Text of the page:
Digital tools such as the co-parenting service Varannan Vecka are an effective way to ensure that the focus of communication is on the children. With the app, you can create a residence schedule for the child, divide and take responsibility for tasks related to the child, check off the child’s items on the packing list, and manage communication in the chat. Take advantage of the AI filter against toxic language. As the children get older, the app can help them to pack their own bag, communicate with both parents simultaneously in the chat, and discuss important issues for the child.


It’s great if you can meet each other. But if it’s uncomfortable, there’s a risk of conflicts or your child getting upset, it’s better to communicate and handle handovers in another way. To check in, you can meet up a couple of times a year without your child to talk about their wellbeing, living schedule, nursery, school, holidays, extracurricular activities and holidays. Choose a neutral place, decide on a start and end time, and prepare by thinking about what you want to discuss with the other parent. In addition to practical matters, the meetings can also help loosen up your old images of each other – hopefully, they’ll be replaced with new positive experiences.

Agreement: Who will attend the child’s activities

Events such as Lucia processions, summer camps, gymnastics displays and football matches are the highlights of childhood. If you find it difficult to be relaxed, take turns in participating. The same may apply to parent meetings and developmental talks. It may feel tense for your child if you sit at opposite ends of the hall at the end of the school year, having to choose who to run to afterwards. Rather split up so that one of you attends the actual ceremony and the other joins for ice cream afterwards.

There is absolutely no place for surprises, conflicts, or anything else that creates an atmosphere other than a relaxed and pleasant one at your child’s activities! Your child’s highlights should be celebrated for what they are. These types of occasions can be quite stressful for children. Taking part in a Christmas play can be nerve-wracking even for those not singing a solo. Since children use us parents for different things, your child might need to bring the parent who is best at helping them relax. This means that strict schedules where you take turns participating in each activity might need to be adjusted for the sake of your child.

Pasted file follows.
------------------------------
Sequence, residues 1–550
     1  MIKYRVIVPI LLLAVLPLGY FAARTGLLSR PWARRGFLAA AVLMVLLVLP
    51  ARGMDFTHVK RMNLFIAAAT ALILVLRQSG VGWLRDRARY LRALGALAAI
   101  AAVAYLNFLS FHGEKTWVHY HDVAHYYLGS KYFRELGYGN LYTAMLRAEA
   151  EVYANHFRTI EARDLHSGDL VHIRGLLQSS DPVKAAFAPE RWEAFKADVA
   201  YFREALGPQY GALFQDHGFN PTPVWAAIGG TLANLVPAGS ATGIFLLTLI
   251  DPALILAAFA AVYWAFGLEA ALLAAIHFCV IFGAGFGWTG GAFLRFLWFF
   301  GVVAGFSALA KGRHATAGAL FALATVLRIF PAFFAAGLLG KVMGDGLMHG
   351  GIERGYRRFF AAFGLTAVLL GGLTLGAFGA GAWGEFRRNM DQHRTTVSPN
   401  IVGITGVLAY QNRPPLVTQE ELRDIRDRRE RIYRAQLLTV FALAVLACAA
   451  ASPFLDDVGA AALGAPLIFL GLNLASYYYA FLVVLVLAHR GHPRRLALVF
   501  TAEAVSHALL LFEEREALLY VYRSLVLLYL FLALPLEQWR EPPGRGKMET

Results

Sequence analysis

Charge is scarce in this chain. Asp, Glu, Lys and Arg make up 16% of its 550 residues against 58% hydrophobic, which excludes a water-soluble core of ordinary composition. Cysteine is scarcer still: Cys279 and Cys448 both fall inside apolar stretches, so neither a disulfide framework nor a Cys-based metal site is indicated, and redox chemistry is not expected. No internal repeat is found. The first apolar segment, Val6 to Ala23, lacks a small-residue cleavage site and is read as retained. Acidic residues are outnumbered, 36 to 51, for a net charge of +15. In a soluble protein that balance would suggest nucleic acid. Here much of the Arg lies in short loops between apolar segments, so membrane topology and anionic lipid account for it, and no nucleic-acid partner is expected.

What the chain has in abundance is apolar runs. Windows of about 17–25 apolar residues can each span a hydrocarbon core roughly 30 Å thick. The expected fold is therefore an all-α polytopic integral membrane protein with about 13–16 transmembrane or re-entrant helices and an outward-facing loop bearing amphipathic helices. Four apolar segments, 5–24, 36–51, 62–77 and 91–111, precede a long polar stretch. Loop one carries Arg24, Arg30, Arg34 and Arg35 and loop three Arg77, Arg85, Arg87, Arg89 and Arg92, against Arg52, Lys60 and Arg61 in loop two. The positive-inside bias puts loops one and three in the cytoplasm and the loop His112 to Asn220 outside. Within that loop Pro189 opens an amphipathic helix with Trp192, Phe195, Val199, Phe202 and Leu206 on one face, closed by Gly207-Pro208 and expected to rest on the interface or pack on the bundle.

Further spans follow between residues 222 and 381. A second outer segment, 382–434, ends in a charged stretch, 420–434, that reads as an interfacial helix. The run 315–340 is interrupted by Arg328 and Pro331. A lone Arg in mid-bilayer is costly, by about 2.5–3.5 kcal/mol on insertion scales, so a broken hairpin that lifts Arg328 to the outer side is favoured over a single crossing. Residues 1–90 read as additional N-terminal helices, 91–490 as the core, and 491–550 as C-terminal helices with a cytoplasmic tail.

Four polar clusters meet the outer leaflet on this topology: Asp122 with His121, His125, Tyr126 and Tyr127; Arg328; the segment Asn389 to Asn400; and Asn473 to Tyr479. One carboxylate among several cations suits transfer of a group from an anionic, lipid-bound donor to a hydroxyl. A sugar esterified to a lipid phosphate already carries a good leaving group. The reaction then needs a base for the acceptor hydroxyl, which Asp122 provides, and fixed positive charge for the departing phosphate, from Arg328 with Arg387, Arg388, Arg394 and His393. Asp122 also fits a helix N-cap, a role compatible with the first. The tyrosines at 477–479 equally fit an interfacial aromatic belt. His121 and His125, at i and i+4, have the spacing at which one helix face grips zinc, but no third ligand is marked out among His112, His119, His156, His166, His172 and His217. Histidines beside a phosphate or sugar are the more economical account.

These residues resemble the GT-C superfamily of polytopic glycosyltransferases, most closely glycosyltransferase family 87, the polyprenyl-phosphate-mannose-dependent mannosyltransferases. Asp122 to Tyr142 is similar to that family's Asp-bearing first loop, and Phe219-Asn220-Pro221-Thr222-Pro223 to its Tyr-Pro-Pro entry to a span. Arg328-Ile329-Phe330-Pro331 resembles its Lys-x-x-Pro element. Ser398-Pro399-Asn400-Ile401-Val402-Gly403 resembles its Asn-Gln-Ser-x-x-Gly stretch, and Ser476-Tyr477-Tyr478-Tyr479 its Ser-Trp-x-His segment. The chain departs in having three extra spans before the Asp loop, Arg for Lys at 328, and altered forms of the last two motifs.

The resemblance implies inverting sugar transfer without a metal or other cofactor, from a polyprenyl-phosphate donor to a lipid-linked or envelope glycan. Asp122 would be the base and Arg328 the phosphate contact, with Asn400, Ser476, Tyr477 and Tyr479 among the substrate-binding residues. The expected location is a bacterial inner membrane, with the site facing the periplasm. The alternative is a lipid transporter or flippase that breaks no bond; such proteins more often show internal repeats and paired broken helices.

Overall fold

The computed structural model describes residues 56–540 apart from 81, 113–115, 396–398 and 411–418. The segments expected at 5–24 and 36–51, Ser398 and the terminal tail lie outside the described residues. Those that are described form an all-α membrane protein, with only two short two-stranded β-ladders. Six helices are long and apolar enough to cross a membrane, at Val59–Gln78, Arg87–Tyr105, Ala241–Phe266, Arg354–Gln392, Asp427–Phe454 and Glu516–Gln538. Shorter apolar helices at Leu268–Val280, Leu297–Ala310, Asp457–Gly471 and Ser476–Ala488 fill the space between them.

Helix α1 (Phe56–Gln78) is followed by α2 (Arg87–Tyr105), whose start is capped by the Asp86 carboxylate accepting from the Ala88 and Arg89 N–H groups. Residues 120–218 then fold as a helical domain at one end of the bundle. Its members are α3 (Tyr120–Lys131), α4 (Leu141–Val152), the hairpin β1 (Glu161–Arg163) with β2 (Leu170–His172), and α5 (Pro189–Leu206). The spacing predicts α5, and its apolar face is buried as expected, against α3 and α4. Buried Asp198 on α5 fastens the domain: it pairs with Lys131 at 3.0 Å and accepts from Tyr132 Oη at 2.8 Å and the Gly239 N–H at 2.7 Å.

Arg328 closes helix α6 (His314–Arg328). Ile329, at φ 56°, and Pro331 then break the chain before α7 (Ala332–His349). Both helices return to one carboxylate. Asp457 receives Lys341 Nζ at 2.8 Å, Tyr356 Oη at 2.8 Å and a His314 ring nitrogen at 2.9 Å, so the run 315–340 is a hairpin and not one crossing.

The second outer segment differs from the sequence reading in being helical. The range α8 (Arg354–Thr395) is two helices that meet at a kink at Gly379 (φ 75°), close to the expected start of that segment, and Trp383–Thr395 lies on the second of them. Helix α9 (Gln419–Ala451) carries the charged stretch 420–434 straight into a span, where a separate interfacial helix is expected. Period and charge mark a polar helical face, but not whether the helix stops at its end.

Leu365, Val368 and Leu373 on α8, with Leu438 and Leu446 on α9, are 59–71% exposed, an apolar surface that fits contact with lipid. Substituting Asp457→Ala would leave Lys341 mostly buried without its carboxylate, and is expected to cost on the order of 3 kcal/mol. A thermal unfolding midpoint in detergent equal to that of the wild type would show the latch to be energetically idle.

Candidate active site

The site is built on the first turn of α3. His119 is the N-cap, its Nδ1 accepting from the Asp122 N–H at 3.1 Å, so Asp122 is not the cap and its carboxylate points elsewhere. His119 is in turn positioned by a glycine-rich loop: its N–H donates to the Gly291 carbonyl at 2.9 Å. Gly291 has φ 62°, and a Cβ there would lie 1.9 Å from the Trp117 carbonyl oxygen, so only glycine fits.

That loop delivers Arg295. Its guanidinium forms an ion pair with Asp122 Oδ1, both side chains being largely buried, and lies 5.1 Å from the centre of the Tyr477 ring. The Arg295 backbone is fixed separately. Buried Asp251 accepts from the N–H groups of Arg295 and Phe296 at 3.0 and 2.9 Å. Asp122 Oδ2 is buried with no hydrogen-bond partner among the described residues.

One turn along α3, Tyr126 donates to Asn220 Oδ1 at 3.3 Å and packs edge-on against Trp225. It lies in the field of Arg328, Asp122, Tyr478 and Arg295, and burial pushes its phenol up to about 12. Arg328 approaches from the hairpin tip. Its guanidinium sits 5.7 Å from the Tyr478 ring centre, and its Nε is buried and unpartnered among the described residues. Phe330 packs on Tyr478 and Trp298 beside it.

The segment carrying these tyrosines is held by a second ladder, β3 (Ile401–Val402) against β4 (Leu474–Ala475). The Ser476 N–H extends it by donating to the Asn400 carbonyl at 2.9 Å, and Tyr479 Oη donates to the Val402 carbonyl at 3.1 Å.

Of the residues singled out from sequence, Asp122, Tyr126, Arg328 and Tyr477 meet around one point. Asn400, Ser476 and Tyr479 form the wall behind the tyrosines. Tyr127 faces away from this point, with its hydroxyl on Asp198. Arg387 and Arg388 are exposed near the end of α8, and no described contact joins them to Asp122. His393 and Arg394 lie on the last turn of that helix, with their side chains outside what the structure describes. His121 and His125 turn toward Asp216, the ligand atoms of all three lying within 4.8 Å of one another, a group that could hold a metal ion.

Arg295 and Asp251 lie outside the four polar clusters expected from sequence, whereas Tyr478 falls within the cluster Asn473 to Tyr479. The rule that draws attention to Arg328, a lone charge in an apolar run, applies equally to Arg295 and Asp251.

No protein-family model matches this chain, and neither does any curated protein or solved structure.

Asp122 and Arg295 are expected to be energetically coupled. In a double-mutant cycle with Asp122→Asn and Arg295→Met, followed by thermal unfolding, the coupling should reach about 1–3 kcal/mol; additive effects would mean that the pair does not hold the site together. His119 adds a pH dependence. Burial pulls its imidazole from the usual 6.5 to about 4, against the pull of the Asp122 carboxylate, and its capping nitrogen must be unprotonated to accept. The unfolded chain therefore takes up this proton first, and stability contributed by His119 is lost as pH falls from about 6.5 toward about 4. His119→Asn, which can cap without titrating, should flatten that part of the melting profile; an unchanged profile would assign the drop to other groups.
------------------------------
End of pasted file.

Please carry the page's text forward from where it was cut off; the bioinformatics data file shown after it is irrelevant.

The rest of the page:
It bears repeating: let’s talk about the highlights of the child, not the parents’.

Agreement: Can/Do we want to hang out

If it works out to spend time together, that’s great! It won’t be confusing for your child if you all meet up sometimes, it can be a normal way for them to experience what it’s like to be part of a family.

Let’s prepare for such occasions: “On Saturday I thought me and mum would have dinner together with you.” If you sense that the child might want to stay or follow the parent they don’t currently live with, you need to prepare the child and yourselves in advance on how to handle it. Either it’s okay for the child to decide or you talk in advance about how it will be. Even when it’s not possible to spend time together it is still good to prepare the child for it. Maybe you could say: “Me and dad won’t go to the football game together tonight because we have been a bit cross with each other and thought to let it settle before we see each other again.”

If you or your co-parent feel that it is too hard to meet and socialize right now it must be respected. Time and some space can make it possible to socialize later on.

Malin Bergström
Child psychologist